Thursday, July 23, 2015

United Nations Human Rights Committee Critiques Canada's Human Rights Violations of Indigenous Peoples

Today, the United Nations Human Rights Committee released its Concluding Observations on Canada's sixth report in relation to Canada's compliance with the International Covenant on Civil and Political Rights (advanced unedited version). While it commended recent legislation adopted by individual provinces in relation to human rights, there was no overall commendation for Canada. In fact, the majority of the report expressed numerous concerns about Canada's failures in relation to the basic human rights of Indigenous peoples.

The United Nations Human Rights Committee directed Canada to "widely disseminate" this report among judicial, legislative and administrative authorities, civil society, non-governmental organizations and the general public. It is not likely that Canada will do so, therefore, here is a summary of some of their concerns and key recommendations specific to Indigenous peoples:


Concern: "persisting inequalities between women and men" including "high level of the pay gap" which is more pronounced for Indigenous women and the "underrepresentation of women in leadership positions in the public and private sectors";

(a) guarantee equal pay for equal work, with special focus on Indigenous women;
(b) promote better representation of women in leadership;


Concern: "continued high prevalence of domestic violence in the State party, in particular violence against women and girls, that mostly affects indigenous and minority women" as well as insufficiency of shelters and failure of police to investigate and prosecute;

(a) make efforts to "firmly combat" domestic violence against women in all forms, especially Indigenous women;
(b) investigate all reported cases and follow through with prosecutions;
(c) increase shelters and support services;


Concern: "indigenous women and girls are disproportionately affected by life-threatening forms of violence, homicides and disappearances" and Canada's "failure to provide adequate and effective responses" and failure to provide information about their investigations, prosecutions and punishments of those responsible;

(a) conduct a national inquiry on murdered and missing Indigenous women and girls in consultation with Indigenous women's organizations and families;
(b) review its legislation to prevent further murders and disappearances;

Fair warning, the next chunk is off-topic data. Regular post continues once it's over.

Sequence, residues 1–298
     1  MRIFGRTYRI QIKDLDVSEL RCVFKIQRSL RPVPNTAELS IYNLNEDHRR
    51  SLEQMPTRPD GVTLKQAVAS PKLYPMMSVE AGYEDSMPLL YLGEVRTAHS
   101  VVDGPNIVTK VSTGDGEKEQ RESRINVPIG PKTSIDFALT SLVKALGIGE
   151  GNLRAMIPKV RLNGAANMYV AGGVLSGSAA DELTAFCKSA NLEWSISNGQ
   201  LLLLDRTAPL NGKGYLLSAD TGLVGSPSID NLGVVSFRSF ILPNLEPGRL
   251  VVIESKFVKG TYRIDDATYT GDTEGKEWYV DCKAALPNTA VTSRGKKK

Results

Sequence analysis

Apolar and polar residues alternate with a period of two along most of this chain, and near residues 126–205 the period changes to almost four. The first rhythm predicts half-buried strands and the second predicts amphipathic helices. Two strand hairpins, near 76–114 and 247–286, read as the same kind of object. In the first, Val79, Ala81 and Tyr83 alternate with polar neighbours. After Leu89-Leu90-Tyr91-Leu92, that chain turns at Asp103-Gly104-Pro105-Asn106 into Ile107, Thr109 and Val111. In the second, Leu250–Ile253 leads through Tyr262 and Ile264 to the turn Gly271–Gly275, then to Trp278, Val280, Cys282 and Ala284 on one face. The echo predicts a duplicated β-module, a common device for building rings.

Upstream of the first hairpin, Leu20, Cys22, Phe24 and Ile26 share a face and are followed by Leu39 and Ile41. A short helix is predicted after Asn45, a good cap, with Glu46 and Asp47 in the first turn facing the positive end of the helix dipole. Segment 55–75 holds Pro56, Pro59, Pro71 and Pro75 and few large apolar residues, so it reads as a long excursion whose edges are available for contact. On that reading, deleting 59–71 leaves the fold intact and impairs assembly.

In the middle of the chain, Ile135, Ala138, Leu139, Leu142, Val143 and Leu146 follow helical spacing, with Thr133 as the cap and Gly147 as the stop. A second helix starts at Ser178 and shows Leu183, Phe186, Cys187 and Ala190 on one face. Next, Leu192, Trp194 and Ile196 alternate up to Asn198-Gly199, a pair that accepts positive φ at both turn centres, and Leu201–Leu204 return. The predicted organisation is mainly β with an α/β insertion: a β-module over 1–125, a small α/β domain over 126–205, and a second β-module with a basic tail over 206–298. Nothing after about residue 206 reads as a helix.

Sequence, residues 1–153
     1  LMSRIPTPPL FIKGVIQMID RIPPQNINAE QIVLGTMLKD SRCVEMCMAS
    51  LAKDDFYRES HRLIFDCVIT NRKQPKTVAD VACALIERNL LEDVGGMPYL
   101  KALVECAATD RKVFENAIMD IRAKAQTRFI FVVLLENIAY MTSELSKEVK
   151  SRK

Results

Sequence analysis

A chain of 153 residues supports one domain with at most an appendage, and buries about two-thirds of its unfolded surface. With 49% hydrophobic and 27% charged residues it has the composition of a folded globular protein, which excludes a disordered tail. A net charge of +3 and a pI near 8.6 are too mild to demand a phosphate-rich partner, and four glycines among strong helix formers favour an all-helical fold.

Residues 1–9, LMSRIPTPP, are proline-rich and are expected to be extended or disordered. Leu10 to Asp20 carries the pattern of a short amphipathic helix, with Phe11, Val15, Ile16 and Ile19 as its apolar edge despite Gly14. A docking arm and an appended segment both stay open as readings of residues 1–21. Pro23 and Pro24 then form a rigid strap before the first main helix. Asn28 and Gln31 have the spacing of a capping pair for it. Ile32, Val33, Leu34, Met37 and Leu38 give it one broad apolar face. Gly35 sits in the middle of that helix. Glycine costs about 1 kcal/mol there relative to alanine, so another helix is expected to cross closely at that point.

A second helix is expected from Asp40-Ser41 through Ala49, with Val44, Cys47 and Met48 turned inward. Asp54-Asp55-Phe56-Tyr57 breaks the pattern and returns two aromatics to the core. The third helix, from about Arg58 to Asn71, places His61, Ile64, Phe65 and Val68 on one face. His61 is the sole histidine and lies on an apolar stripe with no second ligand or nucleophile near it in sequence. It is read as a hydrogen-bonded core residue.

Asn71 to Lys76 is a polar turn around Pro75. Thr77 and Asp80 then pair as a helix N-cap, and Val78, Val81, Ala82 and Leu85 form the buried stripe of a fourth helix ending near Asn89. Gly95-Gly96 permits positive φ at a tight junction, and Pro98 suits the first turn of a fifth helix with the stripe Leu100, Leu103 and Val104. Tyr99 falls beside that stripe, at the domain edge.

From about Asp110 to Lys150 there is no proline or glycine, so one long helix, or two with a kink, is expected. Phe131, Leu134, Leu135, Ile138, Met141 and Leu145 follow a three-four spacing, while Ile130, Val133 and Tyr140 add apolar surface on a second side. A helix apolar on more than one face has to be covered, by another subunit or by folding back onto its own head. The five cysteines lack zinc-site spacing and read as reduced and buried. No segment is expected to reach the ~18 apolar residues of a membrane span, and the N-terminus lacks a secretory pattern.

(c) investigate & prosecute offenders & provide reparations to victims;
(d) address the root causes of violence against Indigenous women and girls;


Concern: "excessive use of force by law enforcement officers during mass arrests in the context of protests at federal and provincial levels, with particular reference to indigenous land-related protests" as well as concerns about "complaints not always promptly investigated and the lenient nature of sanctions imposed";

(a) ensure all allegations of ill-treatment and excessive use of force by police investigated;
(b) need strong independent oversight bodies with adequate resources;
(c) those responsible are prosecuted and punished with appropriate penalties;


Concern: "potential extinguishment of indigenous land rights and titles" and the number of years of unresolved land disputes places financial burden on Indigenous peoples and "Indigenous peoples are not always consulted" on legislation that impacts our lands and rights;

(a) seek free informed and prior consent for legislation and actions that impacts our lands and rights;
(b) resolve land and resource disputes.


Concern: "slow" pace at which Canada is removing gender discrimination in the Indian Act thereby preventing Indigenous women and their descendants from transmitting Indian status equally with men

(a) remove all remaining discriminatory effects of Indian Act for Indigenous women and children so they enjoy rights of Indian status on equal footing with men;


Concern: "disproportionately high rate of incarceration of indigenous people, including women, in federal and provincial prisons across Canada"

(a) prevent excessive use of incarceration of Indigenous peoples;
(b) wherever possible use alternatives to detention (including serving sentences in communities);


Concern: "risk of disappearances of indigenous languages", "lack of access to basic needs", lack of funding for child welfare, and not all students of residential schools have been given redress;

(a) implement and reinforce programs to provide basic needs;
(b) programs to preserve Indigenous languages; and
(c) provide child and family services on reserve with sufficient funding;
(d) implement TRC recommendations;